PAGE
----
To some, I seem old-fashioned in my belief of soulmates and true love (known as eros), but to the doubters, I present a challenge. Spend one day in the company of my mother and father, and watch a lack of faith turn into solid conviction. My parents married and had children young but my father can still crack a cheesy joke and make my mother erupt into giggles. Just last week, my mother dropped the bag of frozen peas on the kitchen floor. My father, sitting at the island, makes eye contact with her and says, in all seriousness, “you peed on the floor.” If that’s not true love, then I don’t know what is. My parents represent the ultimate team, even when performing the most menial tasks: he cooks and she cleans, he rotates the laundry and she folds it, he watches football while she crochets. As each other’s best friends, they have both eros and the second type of love, philia.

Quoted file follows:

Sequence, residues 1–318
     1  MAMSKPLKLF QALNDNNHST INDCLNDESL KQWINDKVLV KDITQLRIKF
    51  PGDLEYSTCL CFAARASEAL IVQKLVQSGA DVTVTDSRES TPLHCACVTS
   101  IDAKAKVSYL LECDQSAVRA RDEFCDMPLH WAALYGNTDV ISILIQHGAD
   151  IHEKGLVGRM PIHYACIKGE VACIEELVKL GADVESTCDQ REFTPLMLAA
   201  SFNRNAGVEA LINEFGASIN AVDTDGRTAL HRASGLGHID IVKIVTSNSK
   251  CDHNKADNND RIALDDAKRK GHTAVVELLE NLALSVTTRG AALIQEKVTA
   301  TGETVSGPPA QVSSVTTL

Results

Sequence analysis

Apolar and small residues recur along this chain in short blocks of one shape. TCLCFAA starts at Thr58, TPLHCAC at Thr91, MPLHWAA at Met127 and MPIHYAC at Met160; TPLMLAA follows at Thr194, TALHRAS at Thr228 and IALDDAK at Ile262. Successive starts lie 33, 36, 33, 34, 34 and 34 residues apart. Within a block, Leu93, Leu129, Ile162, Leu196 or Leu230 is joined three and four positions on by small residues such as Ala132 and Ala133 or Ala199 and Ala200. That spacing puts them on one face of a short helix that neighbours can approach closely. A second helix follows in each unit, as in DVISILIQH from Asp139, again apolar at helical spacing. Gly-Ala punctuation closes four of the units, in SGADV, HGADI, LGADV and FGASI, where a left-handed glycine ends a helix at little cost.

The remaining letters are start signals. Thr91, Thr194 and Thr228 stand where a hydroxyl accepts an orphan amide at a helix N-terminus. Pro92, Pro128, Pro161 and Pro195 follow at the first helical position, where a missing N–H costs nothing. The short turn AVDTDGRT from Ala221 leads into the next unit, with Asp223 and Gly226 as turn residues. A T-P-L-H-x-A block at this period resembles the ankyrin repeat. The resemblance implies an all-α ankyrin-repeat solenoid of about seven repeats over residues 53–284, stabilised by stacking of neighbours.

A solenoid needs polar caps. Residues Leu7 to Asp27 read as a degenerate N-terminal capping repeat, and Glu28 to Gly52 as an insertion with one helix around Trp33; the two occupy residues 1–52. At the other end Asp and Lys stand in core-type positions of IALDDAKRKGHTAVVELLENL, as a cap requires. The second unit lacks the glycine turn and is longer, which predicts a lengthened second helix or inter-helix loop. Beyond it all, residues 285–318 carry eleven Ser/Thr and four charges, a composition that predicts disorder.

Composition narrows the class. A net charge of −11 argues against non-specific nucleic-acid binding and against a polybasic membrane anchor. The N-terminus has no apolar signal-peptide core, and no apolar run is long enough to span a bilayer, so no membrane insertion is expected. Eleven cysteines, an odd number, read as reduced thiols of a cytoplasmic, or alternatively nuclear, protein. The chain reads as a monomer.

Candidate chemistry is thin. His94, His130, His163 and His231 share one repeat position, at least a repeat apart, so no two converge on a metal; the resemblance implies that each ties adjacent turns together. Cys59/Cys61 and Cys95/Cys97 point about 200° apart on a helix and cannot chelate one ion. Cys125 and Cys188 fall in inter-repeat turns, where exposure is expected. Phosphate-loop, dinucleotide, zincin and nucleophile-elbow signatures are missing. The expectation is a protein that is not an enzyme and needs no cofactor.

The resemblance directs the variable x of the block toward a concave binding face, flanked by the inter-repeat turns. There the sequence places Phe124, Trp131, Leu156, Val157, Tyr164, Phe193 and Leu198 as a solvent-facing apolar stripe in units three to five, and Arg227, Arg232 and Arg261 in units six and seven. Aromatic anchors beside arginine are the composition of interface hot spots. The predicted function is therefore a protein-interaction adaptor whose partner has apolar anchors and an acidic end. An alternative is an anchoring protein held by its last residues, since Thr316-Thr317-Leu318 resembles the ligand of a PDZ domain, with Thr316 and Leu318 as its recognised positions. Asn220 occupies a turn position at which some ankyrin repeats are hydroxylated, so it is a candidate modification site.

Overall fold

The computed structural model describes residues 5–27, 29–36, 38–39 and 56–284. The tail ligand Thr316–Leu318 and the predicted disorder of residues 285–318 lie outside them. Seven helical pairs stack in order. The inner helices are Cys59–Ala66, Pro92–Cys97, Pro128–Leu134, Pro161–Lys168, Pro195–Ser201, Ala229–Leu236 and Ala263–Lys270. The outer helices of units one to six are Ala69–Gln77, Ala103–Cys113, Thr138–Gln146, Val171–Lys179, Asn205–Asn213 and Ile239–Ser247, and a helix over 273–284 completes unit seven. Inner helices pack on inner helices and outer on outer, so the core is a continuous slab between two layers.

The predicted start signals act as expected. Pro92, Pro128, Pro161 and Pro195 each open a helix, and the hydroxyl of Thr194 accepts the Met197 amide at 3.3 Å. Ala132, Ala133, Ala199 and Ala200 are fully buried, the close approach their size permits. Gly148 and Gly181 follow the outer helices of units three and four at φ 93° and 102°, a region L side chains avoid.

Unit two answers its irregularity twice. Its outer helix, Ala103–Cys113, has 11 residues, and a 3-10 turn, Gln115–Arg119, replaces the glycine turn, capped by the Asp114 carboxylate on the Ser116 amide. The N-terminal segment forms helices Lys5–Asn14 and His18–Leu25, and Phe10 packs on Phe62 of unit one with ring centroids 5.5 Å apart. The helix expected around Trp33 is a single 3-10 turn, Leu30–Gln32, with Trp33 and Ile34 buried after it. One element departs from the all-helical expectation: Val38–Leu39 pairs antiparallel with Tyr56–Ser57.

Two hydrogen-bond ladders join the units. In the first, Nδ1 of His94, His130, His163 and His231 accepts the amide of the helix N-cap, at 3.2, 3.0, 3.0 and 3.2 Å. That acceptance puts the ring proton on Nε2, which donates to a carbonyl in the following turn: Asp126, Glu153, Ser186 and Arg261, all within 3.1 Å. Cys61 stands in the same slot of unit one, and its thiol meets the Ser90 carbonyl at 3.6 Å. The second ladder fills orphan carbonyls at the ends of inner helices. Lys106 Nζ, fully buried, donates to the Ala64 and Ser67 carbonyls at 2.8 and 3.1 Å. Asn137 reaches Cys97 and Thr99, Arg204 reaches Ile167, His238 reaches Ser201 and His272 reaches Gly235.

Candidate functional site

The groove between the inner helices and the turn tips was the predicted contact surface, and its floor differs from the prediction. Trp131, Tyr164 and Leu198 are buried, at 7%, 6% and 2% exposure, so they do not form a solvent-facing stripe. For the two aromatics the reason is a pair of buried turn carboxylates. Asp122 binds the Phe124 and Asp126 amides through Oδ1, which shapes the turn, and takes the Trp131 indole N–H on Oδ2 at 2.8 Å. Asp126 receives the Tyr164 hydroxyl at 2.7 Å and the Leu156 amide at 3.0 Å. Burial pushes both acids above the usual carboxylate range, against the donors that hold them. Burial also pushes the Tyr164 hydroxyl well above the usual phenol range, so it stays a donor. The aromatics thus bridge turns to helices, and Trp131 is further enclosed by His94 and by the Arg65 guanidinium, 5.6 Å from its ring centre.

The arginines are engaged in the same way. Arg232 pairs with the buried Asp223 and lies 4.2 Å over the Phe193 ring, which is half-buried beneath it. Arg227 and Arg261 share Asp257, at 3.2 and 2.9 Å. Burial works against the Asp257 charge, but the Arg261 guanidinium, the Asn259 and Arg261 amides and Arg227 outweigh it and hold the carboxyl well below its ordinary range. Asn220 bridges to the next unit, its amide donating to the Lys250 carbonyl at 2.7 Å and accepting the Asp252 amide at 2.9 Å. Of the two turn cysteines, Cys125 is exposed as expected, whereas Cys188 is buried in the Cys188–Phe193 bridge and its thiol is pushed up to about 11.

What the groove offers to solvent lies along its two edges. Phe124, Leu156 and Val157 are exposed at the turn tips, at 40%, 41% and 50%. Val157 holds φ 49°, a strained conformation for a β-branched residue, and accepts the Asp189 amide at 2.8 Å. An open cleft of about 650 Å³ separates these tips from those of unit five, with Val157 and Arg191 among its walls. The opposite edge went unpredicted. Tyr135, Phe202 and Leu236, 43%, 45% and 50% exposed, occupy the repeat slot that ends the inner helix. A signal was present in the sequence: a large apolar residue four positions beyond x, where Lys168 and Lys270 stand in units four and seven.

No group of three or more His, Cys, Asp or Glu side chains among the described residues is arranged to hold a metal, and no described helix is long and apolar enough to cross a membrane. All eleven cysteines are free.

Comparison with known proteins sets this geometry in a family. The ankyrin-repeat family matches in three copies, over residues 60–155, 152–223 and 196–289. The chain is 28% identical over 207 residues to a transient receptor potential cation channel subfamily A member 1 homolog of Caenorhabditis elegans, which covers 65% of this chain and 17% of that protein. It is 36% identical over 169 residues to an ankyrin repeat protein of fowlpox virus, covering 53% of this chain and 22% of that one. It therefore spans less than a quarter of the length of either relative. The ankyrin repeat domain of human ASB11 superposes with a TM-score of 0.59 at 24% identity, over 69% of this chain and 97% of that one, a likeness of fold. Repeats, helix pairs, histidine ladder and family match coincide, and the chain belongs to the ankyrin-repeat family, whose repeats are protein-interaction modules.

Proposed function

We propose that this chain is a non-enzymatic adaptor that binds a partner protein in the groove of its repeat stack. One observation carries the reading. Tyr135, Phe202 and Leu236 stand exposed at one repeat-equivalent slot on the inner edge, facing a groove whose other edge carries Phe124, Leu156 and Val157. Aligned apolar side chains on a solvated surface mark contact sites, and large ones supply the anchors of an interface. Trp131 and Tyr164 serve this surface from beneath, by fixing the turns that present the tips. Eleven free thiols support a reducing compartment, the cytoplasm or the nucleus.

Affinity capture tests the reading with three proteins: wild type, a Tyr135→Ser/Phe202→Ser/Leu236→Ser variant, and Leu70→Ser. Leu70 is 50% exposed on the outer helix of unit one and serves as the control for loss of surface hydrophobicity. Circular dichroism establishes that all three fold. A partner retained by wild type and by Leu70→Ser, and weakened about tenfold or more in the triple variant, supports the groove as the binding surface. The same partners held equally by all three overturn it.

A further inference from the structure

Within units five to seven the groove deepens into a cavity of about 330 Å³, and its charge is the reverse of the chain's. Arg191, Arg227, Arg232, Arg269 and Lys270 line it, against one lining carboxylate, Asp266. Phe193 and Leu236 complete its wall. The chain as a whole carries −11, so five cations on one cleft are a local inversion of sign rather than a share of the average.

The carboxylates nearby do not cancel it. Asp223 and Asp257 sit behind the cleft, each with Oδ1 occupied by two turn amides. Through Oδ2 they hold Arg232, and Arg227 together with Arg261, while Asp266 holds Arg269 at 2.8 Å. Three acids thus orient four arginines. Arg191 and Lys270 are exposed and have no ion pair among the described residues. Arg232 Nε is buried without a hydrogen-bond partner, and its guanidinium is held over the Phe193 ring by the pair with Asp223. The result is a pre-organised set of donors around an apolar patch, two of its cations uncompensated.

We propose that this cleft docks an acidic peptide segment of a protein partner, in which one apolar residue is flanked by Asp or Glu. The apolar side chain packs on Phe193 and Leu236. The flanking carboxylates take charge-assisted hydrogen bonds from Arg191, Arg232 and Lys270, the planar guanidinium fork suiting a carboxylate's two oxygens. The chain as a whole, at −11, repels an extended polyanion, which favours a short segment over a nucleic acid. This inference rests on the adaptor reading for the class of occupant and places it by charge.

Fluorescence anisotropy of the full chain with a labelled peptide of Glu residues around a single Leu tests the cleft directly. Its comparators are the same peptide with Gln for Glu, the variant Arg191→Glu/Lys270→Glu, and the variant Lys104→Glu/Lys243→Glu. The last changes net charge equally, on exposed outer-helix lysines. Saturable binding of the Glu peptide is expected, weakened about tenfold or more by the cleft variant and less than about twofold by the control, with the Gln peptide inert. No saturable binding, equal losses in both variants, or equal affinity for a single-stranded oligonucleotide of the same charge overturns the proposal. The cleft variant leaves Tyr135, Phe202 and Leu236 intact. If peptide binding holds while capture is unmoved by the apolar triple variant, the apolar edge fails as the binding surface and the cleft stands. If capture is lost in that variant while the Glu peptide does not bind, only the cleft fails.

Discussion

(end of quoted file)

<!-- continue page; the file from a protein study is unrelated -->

Philia, identified above as love between friends, has a myriad of examples. My best friend Heather and I speak nearly every day. We often joke that we are twins: she is a righty to my lefty, black-haired to my blonde, scientist to my author, and the most brilliant and beautiful person I’ve ever met. The beginning of the school year brought extreme disappointment, as Heather and I discovered we had no classes together, but that didn’t stop me from promising her this: “Heather, if anyone gives you crap or anything you don’t like, you tell me and I’ll beat them up. A student, teacher, whatever. I have your back.” She laughed, tilting her head toward the ceiling as giggles rose like bubbles on a warm summer’s day.